Hydroxide - OH<sup>−</sup>

What is Hydroxide?

OH is a diatomic anion with chemical name Hydroxide. It is also called Hydroxyl or Hydroxyl radical or hydroxide ion. It consists of a hydrogen and an oxygen atom which are held together by a covalent bond. The hydrogen carries a negative electric charge. It is widely used as a food preservative, for alkalization of urine to prevent kidney stones, an anticoagulant for stored blood, and buffer. It acts as a ligand, a catalyst, a base, and a nucleophile.

The ion forms salts where some of them dissociate in aqueous solution to liberate solvated hydroxide ions. It is a minor constituent of water. When a strongly electropositive center and hydroxide are attached to each other, hydroxide may ionize itself to liberate a hydrogen cation, and makes the parent compound as an acid.

HOwhich is the electrically neutral compound is the hydroxyl radical. –OH which is the covalently-bound group is the hydroxy group. The hydroxy group and hydroxide ion are nucleophiles and functions as catalysts in organic chemistry.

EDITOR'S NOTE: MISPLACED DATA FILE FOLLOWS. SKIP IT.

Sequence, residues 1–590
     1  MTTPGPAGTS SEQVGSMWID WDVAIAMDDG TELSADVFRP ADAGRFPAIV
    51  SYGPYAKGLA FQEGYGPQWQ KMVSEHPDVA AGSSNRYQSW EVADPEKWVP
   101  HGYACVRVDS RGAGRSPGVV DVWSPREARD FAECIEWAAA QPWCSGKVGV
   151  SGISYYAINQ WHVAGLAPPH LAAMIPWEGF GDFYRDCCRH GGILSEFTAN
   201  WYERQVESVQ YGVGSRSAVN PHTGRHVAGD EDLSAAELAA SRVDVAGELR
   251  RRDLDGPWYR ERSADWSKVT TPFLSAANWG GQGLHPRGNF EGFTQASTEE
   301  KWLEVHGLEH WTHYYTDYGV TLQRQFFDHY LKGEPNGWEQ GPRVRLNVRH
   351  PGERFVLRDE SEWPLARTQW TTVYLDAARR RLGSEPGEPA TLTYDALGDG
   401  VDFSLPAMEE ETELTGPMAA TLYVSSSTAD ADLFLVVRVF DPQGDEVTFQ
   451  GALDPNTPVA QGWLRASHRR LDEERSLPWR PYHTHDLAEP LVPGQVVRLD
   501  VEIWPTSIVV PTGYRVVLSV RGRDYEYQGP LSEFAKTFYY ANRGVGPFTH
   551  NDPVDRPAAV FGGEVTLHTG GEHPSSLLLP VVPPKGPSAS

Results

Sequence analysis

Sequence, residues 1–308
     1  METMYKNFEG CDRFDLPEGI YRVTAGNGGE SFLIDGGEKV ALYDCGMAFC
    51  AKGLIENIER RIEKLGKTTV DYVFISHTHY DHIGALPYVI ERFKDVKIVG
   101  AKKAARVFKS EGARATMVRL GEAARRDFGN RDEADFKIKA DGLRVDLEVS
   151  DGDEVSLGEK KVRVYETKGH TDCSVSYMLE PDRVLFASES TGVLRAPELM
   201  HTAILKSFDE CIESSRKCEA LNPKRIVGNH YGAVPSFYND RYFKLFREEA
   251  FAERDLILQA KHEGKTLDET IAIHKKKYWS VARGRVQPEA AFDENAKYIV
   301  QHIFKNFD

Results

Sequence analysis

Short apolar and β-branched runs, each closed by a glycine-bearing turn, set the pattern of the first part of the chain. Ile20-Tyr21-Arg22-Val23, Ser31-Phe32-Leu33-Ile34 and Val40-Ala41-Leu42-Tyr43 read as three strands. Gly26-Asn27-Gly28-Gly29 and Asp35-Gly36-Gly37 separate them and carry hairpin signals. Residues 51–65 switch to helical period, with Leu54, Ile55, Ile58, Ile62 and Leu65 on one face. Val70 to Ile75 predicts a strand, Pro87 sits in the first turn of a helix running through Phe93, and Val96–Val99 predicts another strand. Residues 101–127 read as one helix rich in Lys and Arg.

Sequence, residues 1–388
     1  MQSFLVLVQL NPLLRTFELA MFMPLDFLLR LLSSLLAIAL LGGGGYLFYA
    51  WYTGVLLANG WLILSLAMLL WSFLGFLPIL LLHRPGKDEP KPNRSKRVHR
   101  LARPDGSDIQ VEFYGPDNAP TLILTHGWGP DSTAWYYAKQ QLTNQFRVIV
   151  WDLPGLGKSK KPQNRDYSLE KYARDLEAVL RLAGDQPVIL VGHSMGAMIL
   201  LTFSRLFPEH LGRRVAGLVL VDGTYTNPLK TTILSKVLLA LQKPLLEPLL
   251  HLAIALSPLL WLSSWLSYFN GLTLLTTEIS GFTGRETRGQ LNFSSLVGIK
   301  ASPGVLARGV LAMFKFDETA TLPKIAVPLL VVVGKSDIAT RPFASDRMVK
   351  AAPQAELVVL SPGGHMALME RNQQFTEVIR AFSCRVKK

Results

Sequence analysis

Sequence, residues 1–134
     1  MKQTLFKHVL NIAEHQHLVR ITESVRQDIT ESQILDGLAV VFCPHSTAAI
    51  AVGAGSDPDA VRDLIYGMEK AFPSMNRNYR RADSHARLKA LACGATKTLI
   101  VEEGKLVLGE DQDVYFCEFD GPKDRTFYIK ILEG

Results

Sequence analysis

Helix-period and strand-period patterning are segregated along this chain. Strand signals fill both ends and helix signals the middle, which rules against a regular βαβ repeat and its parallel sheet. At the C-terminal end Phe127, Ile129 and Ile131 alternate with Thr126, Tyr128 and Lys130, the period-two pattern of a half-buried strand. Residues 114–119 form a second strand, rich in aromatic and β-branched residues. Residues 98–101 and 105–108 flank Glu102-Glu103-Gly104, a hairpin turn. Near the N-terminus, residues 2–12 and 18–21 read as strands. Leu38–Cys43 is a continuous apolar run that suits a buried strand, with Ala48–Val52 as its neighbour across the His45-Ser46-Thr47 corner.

Hydroxide Properties

Hydroxide

OH

Molecular Weight of Hydroxide

17.007 g/mol

Monoisotopic mass of Hydroxide

17.003 g/mol

Conjugate base

Oxide anion

Conjugate acid

water

Structure of Hydroxide (OH)


Structure of Hydroxide

Uses of Hydroxide (OH)

  • Hydroxide is used to produce fuel cells.
  • Used to produce disinfectants.
  • Used as food preservatives to prevent bacteria and mold growing in food.
  • Used in the paper recycling process.
  • Used in the extraction of alumina.

All inorganic substances with the word hydroxide in their name do not mean ionic compounds of the hydroxide ion. They are covalent compounds which contain the hydroxy groups.

Learn more about the different applications, structure, and properties of Hydroxide (OH) from the expert faculties at BYJU’S – India’s largest education company.

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